Met Office says White Christmas on cards as ‘snow and ice’ become more likely

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    The Met Office says a White Christmas could be on the cards for Brits as periods of snow are possible soon.

    Unsettled weather between December 25 and January 8 could see the new year begin with a blizzard as the national weather agency says icy conditions could take hold.

    The Met Office forecast warns of potential "hazards" down the road for members of the public, and a colder spell in weather could be expected should forecasts remain the same.

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    For the latest news and updates on weather forecasts across the country, click here.

    The forecast for December 25 to January 8 reads: "More likely to be unsettled compared to the preceding settled spell with bands of rain crossing the UK with brighter conditions and showers in between.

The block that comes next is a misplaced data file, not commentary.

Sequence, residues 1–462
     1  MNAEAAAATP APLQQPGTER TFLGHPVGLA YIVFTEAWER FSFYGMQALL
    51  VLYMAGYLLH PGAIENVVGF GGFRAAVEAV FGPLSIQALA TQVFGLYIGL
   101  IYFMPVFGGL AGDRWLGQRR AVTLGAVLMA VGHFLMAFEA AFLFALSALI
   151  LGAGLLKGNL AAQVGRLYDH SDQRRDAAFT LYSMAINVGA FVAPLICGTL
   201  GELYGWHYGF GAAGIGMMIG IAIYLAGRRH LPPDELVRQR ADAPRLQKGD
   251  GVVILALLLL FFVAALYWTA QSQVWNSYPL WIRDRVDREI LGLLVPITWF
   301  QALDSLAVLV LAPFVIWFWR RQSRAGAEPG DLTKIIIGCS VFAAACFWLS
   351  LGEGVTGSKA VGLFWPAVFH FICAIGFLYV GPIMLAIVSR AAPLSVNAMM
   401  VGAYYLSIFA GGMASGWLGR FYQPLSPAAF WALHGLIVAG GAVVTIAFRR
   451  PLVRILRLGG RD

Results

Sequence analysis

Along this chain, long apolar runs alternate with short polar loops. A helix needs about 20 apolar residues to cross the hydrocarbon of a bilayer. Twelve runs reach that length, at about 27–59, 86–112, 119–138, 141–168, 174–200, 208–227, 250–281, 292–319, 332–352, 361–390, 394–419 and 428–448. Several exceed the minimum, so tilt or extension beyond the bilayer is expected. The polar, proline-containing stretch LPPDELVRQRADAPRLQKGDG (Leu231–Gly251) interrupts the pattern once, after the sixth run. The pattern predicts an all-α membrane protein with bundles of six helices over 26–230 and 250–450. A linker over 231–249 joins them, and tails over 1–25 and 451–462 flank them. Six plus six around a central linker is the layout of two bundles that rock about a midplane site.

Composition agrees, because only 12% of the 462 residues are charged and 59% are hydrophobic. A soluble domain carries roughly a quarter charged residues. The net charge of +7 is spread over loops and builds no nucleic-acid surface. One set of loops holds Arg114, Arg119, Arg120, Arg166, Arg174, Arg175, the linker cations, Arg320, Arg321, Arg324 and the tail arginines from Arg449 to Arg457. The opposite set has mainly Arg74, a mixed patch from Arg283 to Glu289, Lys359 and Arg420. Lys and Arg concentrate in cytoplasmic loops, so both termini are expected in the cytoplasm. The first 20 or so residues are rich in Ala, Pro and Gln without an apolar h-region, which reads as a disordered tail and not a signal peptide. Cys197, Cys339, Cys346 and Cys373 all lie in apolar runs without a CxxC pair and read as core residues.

"The wettest and windiest conditions are most likely in the west and northwest. The chance of a colder spell of weather, with hazards such as snow and ice, does increase later in December and into the New Year period.

    "However, on balance conditions are more likely to remain generally mild and wet." While those milder conditions would be hoped for, Exacta Weather forecaster James Madden has also said snow looks to be on the cards later this month.

    Madden identified December 20 as the day we could see most of the white stuff come down. He said previously: "Our forecast indications do indicate and favour a significantly high chance of some form of cold and wintry weather… from in and around December 20 onwards, particularly the cold northerly or easterly developments.

    "The third-party models or forecasters may not indicate this as of yet, but they will have a tendency to magnetise to this less cold and more unsettled weather of the coming weeks and until nearer the time, but some of their runs are already seeing what our forecast suggests for this period on multiple and consecutive runs."

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    • Met Office
    • Christmas
    • UK Weather
    • Weather Forecast
    • Snow

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